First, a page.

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Dennis Tito is a millionaire from California. He was born in 1941 and his parents were Italian immigrants.
He was inspired by Sputnik in 1957 and decided to become an aerospace engineer. He got a job at NASA's Jet Propulsion Laboratory in Pasadena, California, and for five years in the 1960s, planned the routes of the unmanned Mariner probes took to Venus and Mars.

However, his job at NASA become boring for him and in 1972 he quit and started exploring finance and investment. He was incredibly successful, and become a millionaire by the time he was 40.

He later set up Wilshire Associates, a company that provides investment advice.

Dennis Tito left his footprint in history books when on April 28th, 2001, he became the first space tourist. He basically bought a ticket on a Russian Rocket (the Soyuz TM-32), spent 7 days, 22 hours, and 4 minutes in orbit, and docked aboard the International Space Station.

He purchased his ticket for 20 million dollars (United States). At the time, it was an eighth of the Russian's spending on the ISS.

He caused a bit of controversy because he was paying Russians for tickets to an internationally owned piece of scientific property.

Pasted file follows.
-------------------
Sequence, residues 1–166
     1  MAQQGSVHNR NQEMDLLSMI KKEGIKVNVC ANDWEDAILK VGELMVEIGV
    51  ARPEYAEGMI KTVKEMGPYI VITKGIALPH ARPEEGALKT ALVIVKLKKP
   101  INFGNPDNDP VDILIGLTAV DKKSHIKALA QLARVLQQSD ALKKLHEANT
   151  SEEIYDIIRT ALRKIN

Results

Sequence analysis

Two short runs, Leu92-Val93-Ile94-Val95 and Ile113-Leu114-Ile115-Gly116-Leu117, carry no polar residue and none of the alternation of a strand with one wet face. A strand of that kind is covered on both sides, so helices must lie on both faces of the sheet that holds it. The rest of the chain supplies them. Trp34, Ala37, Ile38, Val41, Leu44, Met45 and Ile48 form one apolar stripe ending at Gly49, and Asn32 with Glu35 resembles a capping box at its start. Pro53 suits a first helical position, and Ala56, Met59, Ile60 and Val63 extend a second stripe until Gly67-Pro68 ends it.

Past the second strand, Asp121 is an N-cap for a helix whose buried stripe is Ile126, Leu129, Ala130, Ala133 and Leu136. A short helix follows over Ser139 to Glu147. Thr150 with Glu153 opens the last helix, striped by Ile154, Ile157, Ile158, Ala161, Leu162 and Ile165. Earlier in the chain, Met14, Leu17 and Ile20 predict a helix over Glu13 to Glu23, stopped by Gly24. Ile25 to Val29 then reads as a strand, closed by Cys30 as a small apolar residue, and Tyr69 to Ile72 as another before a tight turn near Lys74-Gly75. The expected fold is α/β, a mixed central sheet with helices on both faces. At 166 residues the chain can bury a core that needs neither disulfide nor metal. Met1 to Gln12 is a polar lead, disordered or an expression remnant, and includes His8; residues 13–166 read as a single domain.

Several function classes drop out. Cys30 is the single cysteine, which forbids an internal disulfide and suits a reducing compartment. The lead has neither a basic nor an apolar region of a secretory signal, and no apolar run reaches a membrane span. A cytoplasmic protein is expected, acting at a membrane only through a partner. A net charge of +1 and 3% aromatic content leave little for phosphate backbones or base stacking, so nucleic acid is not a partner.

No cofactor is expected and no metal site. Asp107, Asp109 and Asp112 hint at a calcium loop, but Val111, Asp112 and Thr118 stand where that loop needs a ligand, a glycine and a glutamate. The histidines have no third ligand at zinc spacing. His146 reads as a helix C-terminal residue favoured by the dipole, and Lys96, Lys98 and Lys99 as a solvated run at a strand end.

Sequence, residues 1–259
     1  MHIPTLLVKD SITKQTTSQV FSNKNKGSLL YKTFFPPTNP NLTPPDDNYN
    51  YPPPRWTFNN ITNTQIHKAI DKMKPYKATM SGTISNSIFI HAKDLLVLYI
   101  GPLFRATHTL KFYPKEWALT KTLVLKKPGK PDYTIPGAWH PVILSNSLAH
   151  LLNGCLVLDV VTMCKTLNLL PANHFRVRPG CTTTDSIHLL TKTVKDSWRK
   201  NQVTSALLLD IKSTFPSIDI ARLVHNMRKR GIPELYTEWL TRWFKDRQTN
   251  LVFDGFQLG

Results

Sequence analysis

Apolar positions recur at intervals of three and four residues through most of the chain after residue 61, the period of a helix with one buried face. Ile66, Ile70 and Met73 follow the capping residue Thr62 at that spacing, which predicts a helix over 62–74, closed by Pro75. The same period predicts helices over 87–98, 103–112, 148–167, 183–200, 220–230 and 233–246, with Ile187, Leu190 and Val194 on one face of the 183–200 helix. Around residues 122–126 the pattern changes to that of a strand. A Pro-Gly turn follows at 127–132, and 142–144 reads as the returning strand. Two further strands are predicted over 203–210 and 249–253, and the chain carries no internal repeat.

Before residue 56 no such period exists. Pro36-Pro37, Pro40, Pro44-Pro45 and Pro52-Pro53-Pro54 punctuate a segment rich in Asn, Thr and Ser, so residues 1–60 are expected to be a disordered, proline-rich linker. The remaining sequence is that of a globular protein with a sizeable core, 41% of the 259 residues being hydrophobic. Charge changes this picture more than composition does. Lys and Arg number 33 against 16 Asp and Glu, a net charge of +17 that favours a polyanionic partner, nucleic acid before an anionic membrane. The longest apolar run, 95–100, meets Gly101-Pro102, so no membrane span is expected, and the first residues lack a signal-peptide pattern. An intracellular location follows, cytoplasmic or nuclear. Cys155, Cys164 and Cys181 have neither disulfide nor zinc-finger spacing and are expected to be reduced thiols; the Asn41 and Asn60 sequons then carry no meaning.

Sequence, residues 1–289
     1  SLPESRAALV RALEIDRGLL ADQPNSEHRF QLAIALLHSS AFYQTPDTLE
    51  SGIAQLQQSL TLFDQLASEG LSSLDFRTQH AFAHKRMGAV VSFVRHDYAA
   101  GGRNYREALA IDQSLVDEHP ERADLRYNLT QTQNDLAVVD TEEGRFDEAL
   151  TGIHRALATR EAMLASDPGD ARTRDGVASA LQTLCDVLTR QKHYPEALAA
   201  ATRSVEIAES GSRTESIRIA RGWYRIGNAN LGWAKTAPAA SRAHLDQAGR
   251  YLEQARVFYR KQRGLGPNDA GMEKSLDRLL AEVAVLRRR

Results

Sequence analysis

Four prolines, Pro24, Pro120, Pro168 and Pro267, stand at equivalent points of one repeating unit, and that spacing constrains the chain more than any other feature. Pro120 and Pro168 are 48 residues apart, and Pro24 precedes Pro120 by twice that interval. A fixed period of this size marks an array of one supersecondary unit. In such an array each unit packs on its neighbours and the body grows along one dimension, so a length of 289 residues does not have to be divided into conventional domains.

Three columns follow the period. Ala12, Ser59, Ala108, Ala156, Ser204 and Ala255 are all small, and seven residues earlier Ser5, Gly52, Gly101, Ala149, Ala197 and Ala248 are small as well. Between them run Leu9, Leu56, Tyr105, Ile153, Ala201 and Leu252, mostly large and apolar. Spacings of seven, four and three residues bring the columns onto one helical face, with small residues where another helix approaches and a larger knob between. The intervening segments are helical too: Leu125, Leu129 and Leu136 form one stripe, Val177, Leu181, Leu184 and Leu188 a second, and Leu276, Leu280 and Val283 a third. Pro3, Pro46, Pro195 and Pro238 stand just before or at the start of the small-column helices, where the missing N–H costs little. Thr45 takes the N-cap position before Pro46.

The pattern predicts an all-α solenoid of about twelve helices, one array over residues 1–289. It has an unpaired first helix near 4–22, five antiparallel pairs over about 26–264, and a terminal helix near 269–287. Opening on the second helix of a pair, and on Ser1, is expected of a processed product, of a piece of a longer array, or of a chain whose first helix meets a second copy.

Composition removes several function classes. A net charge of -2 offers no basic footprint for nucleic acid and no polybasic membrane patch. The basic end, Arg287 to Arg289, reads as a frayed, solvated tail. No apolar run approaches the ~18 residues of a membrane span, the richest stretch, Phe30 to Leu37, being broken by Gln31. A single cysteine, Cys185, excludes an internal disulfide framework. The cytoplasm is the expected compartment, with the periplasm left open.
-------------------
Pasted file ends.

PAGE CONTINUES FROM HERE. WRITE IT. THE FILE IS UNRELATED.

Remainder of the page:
Tito has now become the first tourist in space after he blasted off from the Baikonur Cosmodrome in Kazakhstan. He had a window seat.

"How do you feel, Dennis?" he was asked from the ground. "Khorosho," he answered, using the Russian word meaning "Good."

"It's a precedent," said the mission control chief, Vladimir Solovyov. "Let's hope that interest in space tourism will be shown. There are a lot of rich people. Why shouldn't they fly for their own pleasure?"

"If he will sign a contract, every citizen of the planet can ride‚ if his health permits him and he comes through with the money," said Yuri Grigoryev, deputy designer at the state-run Energia rocket company. "The station is open to commercialization."

Tito will spend six days aboard the space station with his video camera, CD player and nine disks (eight opera and one Beatles). While he was listed as a "systems operator," he will not be allowed to touch much and will need an escort when he visits the U.S. section of the station.
I think Tito is a true pioneer.

We all know that the only way that space exploration will ever be successful or do anything cool will be if it gets adequate funding. The best way to do this is through tourism. And of course, the best way to do that is to make stuff like space stations look like space stations are supposed to look.

I mean, what does it take? It's not hard. Just slap up some moulded plastic here and there, put some neat sound effects in when doors open and close. Get those stupid dangling wires behind a wall. Give the onboard computers names and have the astronauts talk to them. Make the suits cooler, like the ones in 2001: A Space Oddysey. It doesn't take a rocket scientist to figure that out.

Tito is the thin edge of the wedge. A few years from now, there could be honeymoon flights.

Then they can afford to build station/resorts on the moon, Mars and eventually Europa.

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